I finished my PhD dissertation nine years ago. The facetious working title of "Do Doctors Matter?" actually stuck -- with the subtitle of 'women's experiences of maternity care in rural Ontario'. Throughout that project, I was struck by the challenges Ontarians were facing in obtaining what I would consider the most basic of health services in Canada: primary care close to where they live and a midwife or doctor to catch their babies, especially in rural areas. (It was particularly ironic to give birth to one of my daughters on our living room floor because the ambulance and midwives took too long to arrive -- within weeks of having my thesis topic approved!)
Around that time, I became involved in what was then known as EWAG, now East Wellington Community Services. One of its initiatives was a proposal to develop a Family Health Team. Once we secured funding for this new model of multidisciplinary health care in our town, things moved both quickly and slowly at the same time. There were endless meetings, countless hours spent and heavy doses of frustration, mostly with government bureaucracy, coping with setbacks and lots of change. But now, looking back over what's happened, it's amazing to me what has transpired in a relatively short time. There is a whole new organization in place, with its own Board of Directors, staff, mandate and vision. There are two gorgeous new medical centres built and operational (photos to follow I hope). There is a team of health professionals providing integrated care on-site, including in mental health and nutrition. There is a state-of-the-art computer system with digitized medical records and a staff who knows how to use them. And there is a group of people who've built valued relationships and are living with the satisfaction of knowing -- seeing daily -- that our efforts have made a difference. Without electronic medical records, a turn-key facility and a solid team in place, the likelihood of attracting new doctors and other health professionals to Erin and Rockwood was extremely low. Now, the infrastructure is in place to ensure sustainable, local care well into the future, and new physicians are interested in relocating to those towns.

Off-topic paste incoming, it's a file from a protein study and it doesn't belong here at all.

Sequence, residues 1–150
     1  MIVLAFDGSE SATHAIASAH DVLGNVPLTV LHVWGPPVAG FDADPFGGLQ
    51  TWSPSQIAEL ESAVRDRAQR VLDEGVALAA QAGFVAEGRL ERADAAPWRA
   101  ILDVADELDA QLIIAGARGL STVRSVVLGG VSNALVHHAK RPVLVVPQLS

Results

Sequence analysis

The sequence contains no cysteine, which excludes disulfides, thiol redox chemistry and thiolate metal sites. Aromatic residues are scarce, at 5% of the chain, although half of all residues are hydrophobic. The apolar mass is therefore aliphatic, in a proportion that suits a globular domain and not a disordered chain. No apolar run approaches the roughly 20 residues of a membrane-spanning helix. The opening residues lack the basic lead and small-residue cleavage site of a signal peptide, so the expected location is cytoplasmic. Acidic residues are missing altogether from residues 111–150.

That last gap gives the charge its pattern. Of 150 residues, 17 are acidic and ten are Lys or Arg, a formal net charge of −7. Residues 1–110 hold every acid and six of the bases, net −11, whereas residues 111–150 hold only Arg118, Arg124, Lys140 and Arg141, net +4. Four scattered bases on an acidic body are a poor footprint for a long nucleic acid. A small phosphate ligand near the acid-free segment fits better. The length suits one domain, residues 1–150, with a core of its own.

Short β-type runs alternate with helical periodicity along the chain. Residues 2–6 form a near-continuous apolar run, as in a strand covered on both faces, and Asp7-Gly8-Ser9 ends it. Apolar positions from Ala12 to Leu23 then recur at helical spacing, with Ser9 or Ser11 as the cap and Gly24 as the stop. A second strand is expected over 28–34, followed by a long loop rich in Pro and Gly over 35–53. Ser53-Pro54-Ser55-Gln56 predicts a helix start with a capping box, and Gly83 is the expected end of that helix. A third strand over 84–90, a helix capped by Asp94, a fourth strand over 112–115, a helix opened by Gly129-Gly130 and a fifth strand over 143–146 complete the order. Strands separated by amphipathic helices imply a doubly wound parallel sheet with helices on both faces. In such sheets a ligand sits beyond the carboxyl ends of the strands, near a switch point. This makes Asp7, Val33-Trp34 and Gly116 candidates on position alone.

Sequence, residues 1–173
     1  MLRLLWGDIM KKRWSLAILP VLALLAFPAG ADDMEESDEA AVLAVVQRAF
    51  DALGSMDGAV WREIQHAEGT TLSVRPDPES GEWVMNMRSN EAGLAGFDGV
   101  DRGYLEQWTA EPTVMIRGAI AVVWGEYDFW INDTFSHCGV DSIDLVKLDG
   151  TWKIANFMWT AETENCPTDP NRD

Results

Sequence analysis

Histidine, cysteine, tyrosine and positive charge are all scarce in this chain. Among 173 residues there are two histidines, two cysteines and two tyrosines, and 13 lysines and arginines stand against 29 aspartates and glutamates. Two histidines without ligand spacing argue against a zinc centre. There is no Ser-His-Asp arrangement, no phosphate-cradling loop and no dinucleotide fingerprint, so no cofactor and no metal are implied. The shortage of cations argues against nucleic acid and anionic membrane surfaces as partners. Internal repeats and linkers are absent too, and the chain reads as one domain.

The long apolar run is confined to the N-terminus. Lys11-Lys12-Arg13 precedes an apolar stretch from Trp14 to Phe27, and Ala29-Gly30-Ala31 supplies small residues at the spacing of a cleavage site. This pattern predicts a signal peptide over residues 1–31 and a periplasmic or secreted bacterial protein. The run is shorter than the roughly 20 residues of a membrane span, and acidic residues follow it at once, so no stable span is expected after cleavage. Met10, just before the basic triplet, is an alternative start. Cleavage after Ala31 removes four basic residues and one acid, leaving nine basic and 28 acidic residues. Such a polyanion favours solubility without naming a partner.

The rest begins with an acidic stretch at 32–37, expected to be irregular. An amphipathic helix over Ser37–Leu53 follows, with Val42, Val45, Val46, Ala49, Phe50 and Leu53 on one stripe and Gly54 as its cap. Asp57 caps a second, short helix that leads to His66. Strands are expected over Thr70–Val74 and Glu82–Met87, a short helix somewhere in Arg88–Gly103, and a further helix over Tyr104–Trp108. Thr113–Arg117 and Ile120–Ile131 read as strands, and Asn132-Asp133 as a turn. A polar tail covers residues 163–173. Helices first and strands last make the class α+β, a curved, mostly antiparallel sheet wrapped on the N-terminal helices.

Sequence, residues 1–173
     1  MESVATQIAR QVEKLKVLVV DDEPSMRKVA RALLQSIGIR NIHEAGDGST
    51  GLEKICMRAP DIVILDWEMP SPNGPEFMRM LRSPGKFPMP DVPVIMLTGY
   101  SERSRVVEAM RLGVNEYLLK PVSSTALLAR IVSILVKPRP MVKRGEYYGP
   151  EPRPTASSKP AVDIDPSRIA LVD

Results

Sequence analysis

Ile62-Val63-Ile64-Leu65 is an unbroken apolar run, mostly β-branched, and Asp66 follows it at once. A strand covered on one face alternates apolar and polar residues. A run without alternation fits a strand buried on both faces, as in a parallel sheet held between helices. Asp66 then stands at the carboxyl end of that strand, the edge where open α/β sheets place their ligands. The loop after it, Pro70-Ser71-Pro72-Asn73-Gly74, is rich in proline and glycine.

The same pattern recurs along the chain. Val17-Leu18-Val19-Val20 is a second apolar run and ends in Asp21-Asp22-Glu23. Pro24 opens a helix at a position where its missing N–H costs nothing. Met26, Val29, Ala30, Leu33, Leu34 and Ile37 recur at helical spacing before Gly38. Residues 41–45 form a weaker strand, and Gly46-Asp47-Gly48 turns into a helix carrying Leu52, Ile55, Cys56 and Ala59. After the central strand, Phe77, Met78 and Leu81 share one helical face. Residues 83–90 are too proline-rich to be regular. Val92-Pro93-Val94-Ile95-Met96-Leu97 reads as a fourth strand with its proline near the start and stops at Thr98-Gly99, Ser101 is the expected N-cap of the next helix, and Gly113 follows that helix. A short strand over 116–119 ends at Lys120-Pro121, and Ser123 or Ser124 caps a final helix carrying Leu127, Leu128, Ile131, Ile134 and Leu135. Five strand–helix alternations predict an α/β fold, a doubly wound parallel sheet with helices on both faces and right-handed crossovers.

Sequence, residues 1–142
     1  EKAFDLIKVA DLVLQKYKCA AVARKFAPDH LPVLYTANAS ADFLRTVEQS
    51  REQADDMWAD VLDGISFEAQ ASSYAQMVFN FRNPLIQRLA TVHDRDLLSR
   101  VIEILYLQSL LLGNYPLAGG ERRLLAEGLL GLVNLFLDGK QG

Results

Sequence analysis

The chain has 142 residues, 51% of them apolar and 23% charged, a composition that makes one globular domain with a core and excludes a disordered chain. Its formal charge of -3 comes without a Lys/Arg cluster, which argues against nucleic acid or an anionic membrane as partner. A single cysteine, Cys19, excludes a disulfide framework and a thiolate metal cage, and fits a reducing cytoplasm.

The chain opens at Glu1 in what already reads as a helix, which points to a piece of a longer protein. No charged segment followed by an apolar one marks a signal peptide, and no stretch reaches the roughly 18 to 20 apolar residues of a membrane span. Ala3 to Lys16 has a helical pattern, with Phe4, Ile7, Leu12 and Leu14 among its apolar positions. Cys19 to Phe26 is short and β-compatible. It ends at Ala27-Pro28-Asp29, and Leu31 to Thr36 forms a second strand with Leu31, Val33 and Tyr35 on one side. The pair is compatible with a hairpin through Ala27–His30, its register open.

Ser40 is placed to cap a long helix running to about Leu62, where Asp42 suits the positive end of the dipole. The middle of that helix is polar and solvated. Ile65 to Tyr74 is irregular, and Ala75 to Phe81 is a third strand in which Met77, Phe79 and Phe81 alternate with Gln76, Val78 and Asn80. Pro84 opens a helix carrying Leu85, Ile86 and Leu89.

Not only was I a volunteer with the East Wellington Family Health Team, but our family is privileged to receive outstanding care as clients there -- thankfully we haven't needed it very often. When my daughter was in just last week though, we marvelled at the spiffy remote control chair and big portable lights in the new treatment room, and the washrooms now accessible directly from the waiting room. She loved getting a 'backstage tour' that even included the staff lunch room. We both got excited about the Tim Horton's being built next door, at long last. But as we shared our chicken caesar salad at Tintagels afterward, it was the gentle, patient, personalized care we received that impressed us most. Having an 8-year-old notice that our doctor is "always very kind to us and remembers things about us" and that the nurse "was really friendly and made me less scared" is worth investing in. I'm thrilled that a whole new generation of 8-year-olds in that community will be able to say the same thing.
So today's donation is one of thanksgiving -- to Duncan, Eric, Rachel, John, Michelle, Jane, Kevin, Ruth, Eva, Carla, Diarmid, Kim, Laurie, Val, Nancy, Chris, Shane -- and the many others who worked tirelessly to see the EWFHT come to fruition. You've all gone above and beyond. It was a privilege to be able to put my academic 'head knowledge' to work in such a practical and fulfilling way. And although I remain committed to publicly funded health care, I'm willing to add a few dollars to those of the Ministry of Health to ensure that small communities are able to continue to offer high quality, local, integrated primary care.
You can get involved with the EWFHT by clicking here, but if you don't live in that area, I hope you're inspired to find other ways to thank the people that help to keep you healthy and those who set admirable examples of forward-thinking community service. Follow in their steps!